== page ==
Given Heston's desire to elicit an emotional response from his diners and that he was trying to convey the essence of the ideal Christmas, what would present a more ideal Christmas than the presence of children, specifically that of an infant. To convey that to this audience, he provided the wafers that tasted like the smell of a baby! It was so right on that I laughed aloud as I tasted mine!

The last gift of the Magi, gold, also proved somewhat difficult to incorporate into this meal. The hand-hammered gold leaf he procured was about 100 times too thick to eat. Blumenthal decided to use langoustines for a course as the frankincense trees were on an old sea bed (a stretch he acknowledged). After creating a langoustine broth, Blumenthal freeze-dried it to create a honey-comb effect. To this he added gold leaf flakes. Frankincense tea was then poured over that to create a kind of shiny tea, that was, in turn, poured over various garnishes including egg yolk cooked with saffron, coffee with saffron gelatin, crystallized pistachios and tiny, pickled onions with sea urchin that worked well with the frankincense and tarragon tips. This was the first course of his yuletide meal.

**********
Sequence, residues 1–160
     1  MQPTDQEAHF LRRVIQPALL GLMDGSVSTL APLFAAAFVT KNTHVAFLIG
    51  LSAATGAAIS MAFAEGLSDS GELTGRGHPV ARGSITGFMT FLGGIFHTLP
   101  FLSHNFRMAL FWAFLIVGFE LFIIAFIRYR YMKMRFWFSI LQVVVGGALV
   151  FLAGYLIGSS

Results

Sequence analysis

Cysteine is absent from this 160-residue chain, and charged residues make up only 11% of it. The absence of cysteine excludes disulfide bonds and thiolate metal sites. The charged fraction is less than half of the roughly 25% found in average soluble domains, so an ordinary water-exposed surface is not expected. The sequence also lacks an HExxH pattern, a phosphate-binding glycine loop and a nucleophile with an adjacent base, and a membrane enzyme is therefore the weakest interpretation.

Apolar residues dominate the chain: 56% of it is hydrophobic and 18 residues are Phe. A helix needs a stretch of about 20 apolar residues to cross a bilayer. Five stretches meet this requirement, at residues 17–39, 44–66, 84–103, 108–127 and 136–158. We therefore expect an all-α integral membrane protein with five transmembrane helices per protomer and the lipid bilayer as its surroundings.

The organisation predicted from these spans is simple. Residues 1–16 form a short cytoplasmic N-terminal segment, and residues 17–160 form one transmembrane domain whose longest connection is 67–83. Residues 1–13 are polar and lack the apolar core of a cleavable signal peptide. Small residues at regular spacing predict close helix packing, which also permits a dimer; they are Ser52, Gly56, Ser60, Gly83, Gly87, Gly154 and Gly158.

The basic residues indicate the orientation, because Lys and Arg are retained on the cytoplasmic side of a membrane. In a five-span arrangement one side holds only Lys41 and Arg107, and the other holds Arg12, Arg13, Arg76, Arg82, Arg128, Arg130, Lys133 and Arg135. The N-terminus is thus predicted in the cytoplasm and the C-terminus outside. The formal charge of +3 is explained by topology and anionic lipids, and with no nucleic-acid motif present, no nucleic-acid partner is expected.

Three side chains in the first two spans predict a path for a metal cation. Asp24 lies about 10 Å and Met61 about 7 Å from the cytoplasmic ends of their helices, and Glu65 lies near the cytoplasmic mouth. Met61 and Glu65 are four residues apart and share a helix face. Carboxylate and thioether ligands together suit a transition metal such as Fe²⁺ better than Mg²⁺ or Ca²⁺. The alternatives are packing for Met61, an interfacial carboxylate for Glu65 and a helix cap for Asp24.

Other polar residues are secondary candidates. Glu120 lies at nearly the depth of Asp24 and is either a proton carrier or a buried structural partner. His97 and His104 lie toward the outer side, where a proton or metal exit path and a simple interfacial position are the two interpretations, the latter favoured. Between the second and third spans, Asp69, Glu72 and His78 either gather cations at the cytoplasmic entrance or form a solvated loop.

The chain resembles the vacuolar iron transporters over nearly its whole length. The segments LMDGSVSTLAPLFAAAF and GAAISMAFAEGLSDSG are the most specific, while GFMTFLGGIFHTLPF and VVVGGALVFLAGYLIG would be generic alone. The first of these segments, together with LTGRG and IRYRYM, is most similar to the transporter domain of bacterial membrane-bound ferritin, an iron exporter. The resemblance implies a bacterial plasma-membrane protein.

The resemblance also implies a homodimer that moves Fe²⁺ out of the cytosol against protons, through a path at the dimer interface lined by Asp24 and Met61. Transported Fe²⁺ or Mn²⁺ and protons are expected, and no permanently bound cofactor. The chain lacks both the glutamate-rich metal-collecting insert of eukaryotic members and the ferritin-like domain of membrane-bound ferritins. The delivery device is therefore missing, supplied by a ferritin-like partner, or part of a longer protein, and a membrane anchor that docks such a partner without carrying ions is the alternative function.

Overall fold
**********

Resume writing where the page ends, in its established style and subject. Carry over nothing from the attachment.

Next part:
Next dish: hot sorbet. Heston next went to Paris, to a perfumery, one of the most well known in the world. He wanted a fragrance that would evoke memories/scents of Christmas and he wanted to get the classic memory of a roaring fireplace into the meal by setting the sorbet on fire. He did so through the use of a gelation agent that would prevent the sorbet from melting. He blended apple products with the agent, then transfered it to the sorbet machine to create the sorbet. Whiskey is poured over it, and set on fire, but it doesn’t melt. Heston has used this gel in his restaurant to create dishes like hot+iced tea, with two different temperatures in one cup, split vertically. He has been using this product in his restaurant for a few years now. For the meal, a hot cast-iron dish was garnished with macerated apples, upon which the flaming sorbet was set. The guests then poured the whiskey onto the sorbet and lit the sorbet themselves. To include the scents of leather and fire, he put the scent underneth the centerpiece with dry ice to carry the scent. The waiter poured hot water upon the dried aroma to release it, and the scent spread around the table. Underneath the pot they hid more dry ice and popping candy with some apples on top, so when the water was poured on it made a popping sound like a fire. The smell is astounding. Heston and his assistant gave us a demonstration of it by watering some of the dried scent hidden along with some dry ice in props at the front of the stage. The scent wafted quickly into the audience. Heston proved that smell can be a very powerful trigger, and can tie into the emotion of a dish.